What is Validity?
Validity is a decentralised digital currency with near-instant transaction speeds and negligible transaction fees built upon Proof of Stake 3.0 (PoSV3, BPoS) as introduced by the Validity development team.
For more information about Validity itself, see https://radiumcore.org.
What is Validity?
Validity is the name of open source software which enables the use of this currency. It takes Validity to the next level by building upon Bitcoin Core 0.13.2 with some patches from newer Bitcoin Core versions to offer performance enhancements, wider compatibility with third party services and a more advanced base.
For more information, as well as an immediately useable, binary version of the Validity More software, see https://radiumcore.org.
master branch is regularly built and tested, but is not guaranteed to be
completely stable. Tags are created
regularly to indicate new official, stable release versions of Validity.
Change log can be found in CHANGELOG.md.
The contribution workflow is described in CONTRIBUTING.md.
Testing and code review is the bottleneck for development; we get more pull requests than we can review and test on short notice. Please be patient and help out by testing other people's pull requests, and remember this is a security-critical project where any mistake might cost people lots of money.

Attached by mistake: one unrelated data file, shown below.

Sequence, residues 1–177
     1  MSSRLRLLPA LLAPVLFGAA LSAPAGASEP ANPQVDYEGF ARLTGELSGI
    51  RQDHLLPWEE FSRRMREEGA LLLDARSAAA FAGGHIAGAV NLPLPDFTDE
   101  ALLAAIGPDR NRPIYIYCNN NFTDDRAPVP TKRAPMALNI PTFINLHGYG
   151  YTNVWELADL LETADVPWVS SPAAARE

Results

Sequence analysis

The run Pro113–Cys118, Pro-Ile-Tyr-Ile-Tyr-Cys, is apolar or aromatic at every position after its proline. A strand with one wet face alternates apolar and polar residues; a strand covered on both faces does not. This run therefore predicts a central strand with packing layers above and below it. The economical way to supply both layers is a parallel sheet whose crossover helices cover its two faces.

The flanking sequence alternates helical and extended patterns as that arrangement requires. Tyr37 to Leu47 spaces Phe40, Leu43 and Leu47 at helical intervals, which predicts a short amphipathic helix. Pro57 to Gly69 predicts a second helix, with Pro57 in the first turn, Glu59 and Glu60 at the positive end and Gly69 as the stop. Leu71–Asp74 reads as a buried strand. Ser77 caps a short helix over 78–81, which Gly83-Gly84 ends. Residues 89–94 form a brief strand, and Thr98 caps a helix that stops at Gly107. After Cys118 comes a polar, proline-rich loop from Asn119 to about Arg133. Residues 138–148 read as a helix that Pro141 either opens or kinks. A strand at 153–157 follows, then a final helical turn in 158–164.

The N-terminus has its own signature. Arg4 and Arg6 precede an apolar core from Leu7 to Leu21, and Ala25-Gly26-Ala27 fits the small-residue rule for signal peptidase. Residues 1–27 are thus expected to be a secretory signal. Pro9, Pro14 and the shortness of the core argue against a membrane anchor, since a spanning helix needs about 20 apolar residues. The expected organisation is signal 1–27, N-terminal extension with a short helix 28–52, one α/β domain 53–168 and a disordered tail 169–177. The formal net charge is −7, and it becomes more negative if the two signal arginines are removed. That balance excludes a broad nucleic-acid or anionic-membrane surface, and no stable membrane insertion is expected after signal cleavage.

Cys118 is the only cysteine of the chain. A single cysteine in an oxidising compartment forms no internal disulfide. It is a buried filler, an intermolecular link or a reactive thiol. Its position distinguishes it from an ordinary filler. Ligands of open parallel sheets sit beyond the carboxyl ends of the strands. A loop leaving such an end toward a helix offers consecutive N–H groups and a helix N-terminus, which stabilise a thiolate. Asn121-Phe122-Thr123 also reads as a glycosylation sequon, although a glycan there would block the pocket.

Developers are strongly encouraged to write unit tests for new code, and to
submit new unit tests for old code. Unit tests can be compiled and run
(assuming they weren't disabled in configure) with:
There are also regression and integration tests of the RPC interface, written
in Python, that are run automatically on the build server.
These tests can be run (if the test dependencies are installed) with:
The Travis CI system makes sure that every pull request is built for Windows, Linux, and OS X, and that unit/sanity tests are run automatically.
Manual Quality Assurance (QA) Testing
Changes should be tested by somebody other than the developer who wrote the code. This is especially important for large or high-risk changes. It is useful to add a test plan to the pull request description if testing the changes is not straightforward.